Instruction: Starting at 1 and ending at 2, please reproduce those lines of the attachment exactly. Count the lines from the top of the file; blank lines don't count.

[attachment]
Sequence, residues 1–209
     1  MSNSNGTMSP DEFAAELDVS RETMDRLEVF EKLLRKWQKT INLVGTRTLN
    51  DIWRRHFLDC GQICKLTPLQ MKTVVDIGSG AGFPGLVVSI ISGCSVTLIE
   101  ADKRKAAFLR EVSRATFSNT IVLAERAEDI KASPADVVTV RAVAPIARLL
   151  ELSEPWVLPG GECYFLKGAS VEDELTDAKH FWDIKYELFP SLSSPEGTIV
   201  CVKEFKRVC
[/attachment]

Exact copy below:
Sequence, residues 1–209
     1  MSNSNGTMSP DEFAAELDVS RETMDRLEVF EKLLRKWQKT INLVGTRTLN